Yemen Had the World’s Worst Humanitarian Crisis. Then Covid Came

The first person I encountered after landing at Aden airport offered some words of reassurance. “Here in Yemen, you’re perfectly safe from corona,” the official said, eyeing the two masks firmly pinched around my nose and the bottle of sanitizer in my hand. “There’s no corona here.”

It was a claim I would hear repeatedly over a three-day visit to the strategic port city of about 1 million, a trip back to life when faces were exposed and social distancing was an alien concept. There were few masks visible on crowded buses and minivans, at a restaurant serving a buffet dinner, or in a packed outdoor market selling qat, the mildly narcotic leaf locals like to chew.

Covid-19 is low in the pecking order of catastrophe for Yemen, the poorest Arab state and a strategic conduit for global trade, where almost seven years of war had produced the world’s worst humanitarian crisis even before the pandemic was born.

Yemen has struggled with mass outbreaks of cholera, dengue fever, and typhoid, and poverty has surged to affect as much as 78% of the population since 2015, when Saudi Arabia, the United Arab Emirates, and their allies began an offensive to restore the government ousted by Iranian-backed Houthi rebels. Now, as the world tries to emerge from a public health disaster, Yemen looks poised to hurtle more deeply into another one. After a first coronavirus wave in mid-2020, Covid-19 has “come roaring back” to Yemen, Mark Lowcock, the United Nations undersecretary-general for humanitarian affairs and emergency relief coordinator, warned in April.

“Corona got lost amid the other diseases and issues we have,” Afra Hariri, 46, a human-rights activist and lawyer, said as we sat in her car one night while a mechanic checked her tires. Even when she caught the virus a couple of months ago, Hariri said she was tested only for the other infectious diseases. “Cholera and typhoid kill. We didn’t hear that corona kills as much.”

With families packed into small homes, Yemenis ask how they can socially distance. With frequent cuts to water supply, they wonder how they can keep their hands clean. With almost no power, they can’t turn on fans or air conditioners, which they say makes it impossible to wear masks, especially because the temperature in late spring in Aden already reaches into the mid-30s Celsius (above 90 degrees Fahrenheit). The cost of protecting themselves is beyond most Yemenis. According to the World Bank, per-capita economic output in 2019 stood at $774, less than half what it was five years earlier, and 1/30 that of neighboring Saudi Arabia. Spending $3 a day on masks and a bottle of sanitizer for a family of six would be a luxury.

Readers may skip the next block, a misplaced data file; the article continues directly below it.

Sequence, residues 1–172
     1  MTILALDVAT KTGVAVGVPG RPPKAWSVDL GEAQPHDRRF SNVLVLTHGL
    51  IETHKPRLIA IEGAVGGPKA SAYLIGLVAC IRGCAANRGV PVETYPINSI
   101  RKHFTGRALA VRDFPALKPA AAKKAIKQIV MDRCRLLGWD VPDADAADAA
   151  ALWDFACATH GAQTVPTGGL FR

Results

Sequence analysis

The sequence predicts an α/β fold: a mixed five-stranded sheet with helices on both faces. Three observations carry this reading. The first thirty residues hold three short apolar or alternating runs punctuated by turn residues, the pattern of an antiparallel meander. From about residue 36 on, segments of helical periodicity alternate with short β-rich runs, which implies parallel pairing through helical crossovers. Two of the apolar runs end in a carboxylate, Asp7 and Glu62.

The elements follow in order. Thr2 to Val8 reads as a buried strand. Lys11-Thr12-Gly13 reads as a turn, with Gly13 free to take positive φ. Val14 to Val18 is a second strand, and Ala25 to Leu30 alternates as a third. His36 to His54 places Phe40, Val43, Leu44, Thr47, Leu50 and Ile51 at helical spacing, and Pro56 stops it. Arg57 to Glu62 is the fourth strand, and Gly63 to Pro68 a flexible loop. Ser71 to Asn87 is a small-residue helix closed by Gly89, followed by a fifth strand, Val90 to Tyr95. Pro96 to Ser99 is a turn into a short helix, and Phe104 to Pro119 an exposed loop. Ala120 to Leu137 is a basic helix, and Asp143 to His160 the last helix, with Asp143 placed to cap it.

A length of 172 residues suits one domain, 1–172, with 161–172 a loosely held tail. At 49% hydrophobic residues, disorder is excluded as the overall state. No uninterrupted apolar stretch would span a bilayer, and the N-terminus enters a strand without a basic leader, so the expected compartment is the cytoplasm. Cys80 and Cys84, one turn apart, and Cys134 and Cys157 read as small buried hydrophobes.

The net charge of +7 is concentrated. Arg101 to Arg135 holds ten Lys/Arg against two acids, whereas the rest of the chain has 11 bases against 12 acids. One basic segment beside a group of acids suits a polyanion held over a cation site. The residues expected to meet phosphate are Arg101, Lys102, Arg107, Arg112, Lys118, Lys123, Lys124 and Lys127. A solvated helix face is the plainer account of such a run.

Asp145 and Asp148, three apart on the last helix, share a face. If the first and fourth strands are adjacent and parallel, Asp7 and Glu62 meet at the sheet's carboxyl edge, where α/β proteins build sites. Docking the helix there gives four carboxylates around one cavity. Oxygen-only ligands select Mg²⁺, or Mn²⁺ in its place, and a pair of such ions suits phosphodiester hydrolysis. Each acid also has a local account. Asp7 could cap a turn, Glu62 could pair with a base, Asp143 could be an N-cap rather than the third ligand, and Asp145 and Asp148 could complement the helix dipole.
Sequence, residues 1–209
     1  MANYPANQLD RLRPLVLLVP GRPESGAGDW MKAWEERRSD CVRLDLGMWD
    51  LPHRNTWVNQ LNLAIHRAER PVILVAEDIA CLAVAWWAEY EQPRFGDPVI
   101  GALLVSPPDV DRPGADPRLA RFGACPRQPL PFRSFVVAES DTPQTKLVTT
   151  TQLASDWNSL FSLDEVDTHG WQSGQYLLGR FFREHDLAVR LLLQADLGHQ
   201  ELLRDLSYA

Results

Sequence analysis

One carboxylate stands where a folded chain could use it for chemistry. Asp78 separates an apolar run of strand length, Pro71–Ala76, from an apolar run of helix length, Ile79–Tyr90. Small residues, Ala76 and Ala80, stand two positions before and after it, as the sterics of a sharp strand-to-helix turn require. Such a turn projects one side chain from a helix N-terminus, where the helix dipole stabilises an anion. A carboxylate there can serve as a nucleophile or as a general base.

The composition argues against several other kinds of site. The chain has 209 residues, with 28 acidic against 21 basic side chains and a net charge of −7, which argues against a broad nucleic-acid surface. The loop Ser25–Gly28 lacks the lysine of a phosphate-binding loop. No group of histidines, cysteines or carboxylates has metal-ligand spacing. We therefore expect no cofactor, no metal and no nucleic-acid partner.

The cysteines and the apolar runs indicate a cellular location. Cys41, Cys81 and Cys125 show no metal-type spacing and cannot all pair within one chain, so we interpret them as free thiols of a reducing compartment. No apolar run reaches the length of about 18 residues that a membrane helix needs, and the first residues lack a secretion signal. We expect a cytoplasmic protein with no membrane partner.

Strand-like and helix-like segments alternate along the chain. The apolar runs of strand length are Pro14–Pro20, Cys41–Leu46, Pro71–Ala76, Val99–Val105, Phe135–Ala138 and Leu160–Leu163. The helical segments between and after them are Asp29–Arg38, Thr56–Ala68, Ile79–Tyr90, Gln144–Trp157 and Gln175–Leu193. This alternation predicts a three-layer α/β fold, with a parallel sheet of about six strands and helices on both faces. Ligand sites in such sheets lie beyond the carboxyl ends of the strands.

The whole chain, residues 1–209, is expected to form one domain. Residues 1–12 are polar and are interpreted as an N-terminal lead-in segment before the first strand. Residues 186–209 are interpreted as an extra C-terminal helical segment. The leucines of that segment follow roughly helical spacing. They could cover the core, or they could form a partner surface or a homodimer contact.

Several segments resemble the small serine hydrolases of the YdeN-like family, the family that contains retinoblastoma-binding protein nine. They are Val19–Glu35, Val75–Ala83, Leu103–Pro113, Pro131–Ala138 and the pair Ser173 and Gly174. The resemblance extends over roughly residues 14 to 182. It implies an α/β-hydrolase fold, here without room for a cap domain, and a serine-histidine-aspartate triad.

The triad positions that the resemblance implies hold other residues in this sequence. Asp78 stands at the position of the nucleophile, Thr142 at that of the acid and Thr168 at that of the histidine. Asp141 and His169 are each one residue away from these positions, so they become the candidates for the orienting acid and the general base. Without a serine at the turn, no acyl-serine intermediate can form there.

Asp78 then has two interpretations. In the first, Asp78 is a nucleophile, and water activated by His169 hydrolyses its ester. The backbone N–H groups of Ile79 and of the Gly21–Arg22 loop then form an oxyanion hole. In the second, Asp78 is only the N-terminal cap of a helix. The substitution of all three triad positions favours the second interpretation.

Mohammed Huwaish, a medical student who heads a volunteer group that raises awareness about the virus, says he asked the driver of a minivan taxi to cut the number of his passengers by half to avoid crowding. “The driver asked me if I would reimburse him for his loss,” says Huwaish, 23. “I had no response.”

Officially, Yemen has had about 6,700 confirmed cases and 1,321 deaths from Covid-19 since Jan. 3, 2020, according to the World Health Organization. That mortality rate of 20% is one of the worst in the world. But reporting mechanisms capture only a fraction of cases, Lowcock said. Hospitals and health facilities are turning people away because they have no more room or they lack supplies, he added in his briefing.

What happens in Yemen matters, not just locally but also for Middle East security and global trade, particularly for the oil market. On a drive along Aden’s harbor, whose sparkling turquoise waters lie at the foot of purplish brown volcanic mountains, it was clear why.

Tankers and large ships sail past Aden, heading toward the Bab al-Mandab Strait linking the Indian Ocean with the Mediterranean Sea, through which oil shipments and much of global trade pass. In 2015, a year after they claimed the capital Sanaa and forced President Abd Rabbuh Mansur Hadi to flee, the Houthi rebels took Aden before being repelled by the Saudi-led coalition.